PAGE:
A. A lot of companies have a notion that employee orientation really needs to be a data dump of the company, and statistics and who’s doing what. It really isn’t. You are making a very big decision in your life to either start a job or change a job. So, we feel orientation needs to be a significant emotional experience. And the reason we do that is we know that this creates passionate advocates of our employees. We don’t think that it’s realistic to ask that your customer be passionate, raving fans if your employees aren’t first.

Q. Retention is a big issue for a lot of customer service teams. Is the same true for Ritz-Carlton? What does the company do to retain talent?

A. The lodging industry as a whole tends to run a 60-70 percent turnover in a year. Here at Ritz-Carlton we run in the low 20s. It’s a huge difference. We’ve found that rewards and recognition are huge. Our first class card is our most popular form of recognition. Talk about less is more, it’s just a card that says “first class” and we give it to each other to thank each other. It can be peer to peer, peer to manager, employee to president, president to employee. You can also become five-star of the quarter, we celebrate birthdays, we provide meals, summer picnics, holiday parties. The list goes on and on.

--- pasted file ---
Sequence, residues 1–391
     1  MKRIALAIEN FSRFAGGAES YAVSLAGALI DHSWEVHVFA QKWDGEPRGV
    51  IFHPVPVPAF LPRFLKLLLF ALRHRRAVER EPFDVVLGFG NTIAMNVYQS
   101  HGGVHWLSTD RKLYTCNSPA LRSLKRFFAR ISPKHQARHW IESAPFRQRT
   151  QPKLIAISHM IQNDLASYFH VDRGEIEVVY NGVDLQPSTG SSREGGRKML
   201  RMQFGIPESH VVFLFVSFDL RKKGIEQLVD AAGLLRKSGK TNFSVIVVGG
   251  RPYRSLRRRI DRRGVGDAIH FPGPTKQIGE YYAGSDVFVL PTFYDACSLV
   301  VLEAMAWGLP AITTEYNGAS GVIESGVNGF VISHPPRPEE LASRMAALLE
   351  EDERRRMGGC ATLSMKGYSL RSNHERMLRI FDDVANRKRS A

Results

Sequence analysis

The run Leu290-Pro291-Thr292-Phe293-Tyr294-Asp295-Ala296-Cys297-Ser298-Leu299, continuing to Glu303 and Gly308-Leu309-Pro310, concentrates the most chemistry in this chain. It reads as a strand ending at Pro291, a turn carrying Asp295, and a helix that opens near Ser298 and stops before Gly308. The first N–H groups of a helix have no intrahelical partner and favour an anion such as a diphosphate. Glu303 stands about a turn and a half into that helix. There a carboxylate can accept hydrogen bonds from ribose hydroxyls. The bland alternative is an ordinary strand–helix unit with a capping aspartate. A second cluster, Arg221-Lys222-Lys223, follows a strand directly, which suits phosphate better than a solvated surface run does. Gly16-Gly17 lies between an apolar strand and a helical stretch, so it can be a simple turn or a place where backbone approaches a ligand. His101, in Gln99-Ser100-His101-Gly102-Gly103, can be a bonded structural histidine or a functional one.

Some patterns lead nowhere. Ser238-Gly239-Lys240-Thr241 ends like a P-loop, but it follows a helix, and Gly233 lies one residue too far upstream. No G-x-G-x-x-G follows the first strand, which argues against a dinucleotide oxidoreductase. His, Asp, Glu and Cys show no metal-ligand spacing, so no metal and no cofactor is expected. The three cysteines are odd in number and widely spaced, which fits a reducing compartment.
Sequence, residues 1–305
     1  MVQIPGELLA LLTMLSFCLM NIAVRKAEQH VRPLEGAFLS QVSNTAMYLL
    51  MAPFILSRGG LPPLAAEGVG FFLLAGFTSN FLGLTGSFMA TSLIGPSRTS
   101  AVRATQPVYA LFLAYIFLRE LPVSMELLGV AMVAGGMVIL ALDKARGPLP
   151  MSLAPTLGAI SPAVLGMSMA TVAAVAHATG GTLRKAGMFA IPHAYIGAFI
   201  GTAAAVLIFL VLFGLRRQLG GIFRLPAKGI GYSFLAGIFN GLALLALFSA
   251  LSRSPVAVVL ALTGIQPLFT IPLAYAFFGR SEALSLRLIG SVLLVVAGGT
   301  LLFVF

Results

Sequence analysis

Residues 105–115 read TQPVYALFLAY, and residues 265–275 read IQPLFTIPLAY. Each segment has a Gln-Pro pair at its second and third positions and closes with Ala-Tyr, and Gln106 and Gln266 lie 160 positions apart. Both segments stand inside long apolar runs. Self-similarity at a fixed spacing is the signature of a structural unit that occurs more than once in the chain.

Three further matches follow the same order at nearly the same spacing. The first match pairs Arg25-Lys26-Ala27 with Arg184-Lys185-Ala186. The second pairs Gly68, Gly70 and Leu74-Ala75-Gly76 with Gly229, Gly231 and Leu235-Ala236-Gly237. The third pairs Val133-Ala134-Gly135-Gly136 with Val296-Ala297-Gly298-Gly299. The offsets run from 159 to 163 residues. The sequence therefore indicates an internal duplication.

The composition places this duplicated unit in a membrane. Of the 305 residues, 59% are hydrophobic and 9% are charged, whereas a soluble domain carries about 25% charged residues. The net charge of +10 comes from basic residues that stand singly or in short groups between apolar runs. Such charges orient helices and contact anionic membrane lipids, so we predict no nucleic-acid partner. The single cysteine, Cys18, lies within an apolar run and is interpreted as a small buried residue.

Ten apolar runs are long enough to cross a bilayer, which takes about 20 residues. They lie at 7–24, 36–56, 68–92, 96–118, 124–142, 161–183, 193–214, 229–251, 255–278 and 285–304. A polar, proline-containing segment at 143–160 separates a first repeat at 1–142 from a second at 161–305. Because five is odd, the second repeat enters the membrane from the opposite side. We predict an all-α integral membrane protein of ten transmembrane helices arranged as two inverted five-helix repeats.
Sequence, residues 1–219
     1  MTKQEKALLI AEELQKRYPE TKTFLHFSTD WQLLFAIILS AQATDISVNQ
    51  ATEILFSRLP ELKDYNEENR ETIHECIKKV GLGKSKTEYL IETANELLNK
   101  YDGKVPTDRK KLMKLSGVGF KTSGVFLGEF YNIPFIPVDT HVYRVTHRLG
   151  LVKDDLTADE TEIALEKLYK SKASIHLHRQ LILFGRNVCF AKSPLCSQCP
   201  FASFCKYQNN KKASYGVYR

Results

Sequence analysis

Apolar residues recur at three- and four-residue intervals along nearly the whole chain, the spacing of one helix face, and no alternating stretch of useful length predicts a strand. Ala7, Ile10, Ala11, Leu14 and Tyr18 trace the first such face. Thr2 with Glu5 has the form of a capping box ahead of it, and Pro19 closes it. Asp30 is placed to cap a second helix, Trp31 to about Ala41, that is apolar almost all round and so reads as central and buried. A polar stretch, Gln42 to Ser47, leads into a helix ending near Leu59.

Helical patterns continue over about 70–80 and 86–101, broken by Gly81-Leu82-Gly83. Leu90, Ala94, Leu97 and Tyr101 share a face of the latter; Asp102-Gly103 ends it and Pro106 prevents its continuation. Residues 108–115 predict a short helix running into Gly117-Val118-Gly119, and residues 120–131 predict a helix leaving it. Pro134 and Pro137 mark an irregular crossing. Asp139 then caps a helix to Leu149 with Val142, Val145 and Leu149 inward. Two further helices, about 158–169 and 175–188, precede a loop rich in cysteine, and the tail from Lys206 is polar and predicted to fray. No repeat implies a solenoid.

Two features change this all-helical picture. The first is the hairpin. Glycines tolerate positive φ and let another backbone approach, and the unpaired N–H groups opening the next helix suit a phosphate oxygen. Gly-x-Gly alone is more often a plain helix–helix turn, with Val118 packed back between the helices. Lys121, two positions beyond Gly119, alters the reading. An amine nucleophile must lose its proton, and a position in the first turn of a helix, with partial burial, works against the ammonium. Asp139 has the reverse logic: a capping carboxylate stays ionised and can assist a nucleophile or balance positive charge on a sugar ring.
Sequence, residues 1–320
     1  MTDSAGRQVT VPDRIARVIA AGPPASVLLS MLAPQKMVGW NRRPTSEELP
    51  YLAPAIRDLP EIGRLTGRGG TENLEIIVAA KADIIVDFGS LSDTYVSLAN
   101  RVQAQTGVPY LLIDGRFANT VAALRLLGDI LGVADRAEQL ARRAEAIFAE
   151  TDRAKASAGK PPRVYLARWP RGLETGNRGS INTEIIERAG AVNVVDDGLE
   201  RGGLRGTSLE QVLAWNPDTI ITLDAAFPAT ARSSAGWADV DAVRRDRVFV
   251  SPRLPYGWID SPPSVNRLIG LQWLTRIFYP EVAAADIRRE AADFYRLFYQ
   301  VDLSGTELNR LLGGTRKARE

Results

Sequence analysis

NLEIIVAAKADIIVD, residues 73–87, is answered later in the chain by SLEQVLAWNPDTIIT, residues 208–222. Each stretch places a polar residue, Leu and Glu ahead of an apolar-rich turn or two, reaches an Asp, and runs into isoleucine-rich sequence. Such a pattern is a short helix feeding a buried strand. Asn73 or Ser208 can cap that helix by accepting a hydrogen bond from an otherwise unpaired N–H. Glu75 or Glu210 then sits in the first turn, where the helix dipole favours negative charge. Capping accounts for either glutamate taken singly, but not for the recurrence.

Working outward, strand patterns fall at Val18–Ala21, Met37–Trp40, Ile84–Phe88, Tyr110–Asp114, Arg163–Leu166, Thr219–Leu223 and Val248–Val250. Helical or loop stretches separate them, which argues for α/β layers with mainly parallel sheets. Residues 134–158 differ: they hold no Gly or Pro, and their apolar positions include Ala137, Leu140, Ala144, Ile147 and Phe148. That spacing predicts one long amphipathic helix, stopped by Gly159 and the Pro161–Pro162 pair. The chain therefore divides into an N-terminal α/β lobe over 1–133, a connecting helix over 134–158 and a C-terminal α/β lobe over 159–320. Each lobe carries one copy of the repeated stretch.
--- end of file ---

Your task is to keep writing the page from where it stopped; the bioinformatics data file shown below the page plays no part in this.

Q. What are the biggest mistakes companies make when training customer service staff?

A. Not being specific. They’ll say things like, “Give great service.” Well that’s nice, but people need a road map. Don’t assume that their mother or father, or previous employer taught them what really great service looks like. Have a written service strategy.

Q. What other successful customer service strategies have companies adopted by studying Ritz-Carlton?

A. It’s all about empowerment. The thing that our guests are most wowed about is that every single employee has $2,000 a day per guest to delight, or make it right. But we never use the money because that money is symbolic. We are saying to our employees we trust you. We select the best talent. Just help the guest.

Q. I think that a lot of companies view customer service more as an expense rather than something that generates revenue. But I assume Ritz-Carlton doesn’t feel that way. Why?

A. We have data pretty much down to the penny that shows our fully-engaged guests are spending more nights in a Ritz-Carlton every year than any others. There is a direct correlation to profitability. I can assure you we would not be spending the kind of money we do on training and reinforcement if we didn’t think it was going to show us the money.

Does your company demonstrate legendary service? What advice would you give? Let us know by commenting here.

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Ashley Verrill

About the Author

Ashley Verrill has spent the last six years reporting and writing business news and strategy features. Her work has been featured or cited in Inc., Forbes, Business Insider, TechCrunch, GigaOM, CIO.com, Yahoo News, the Upstart Business Journal, the Austin Business Journal and the North Bay Business Journal, among others.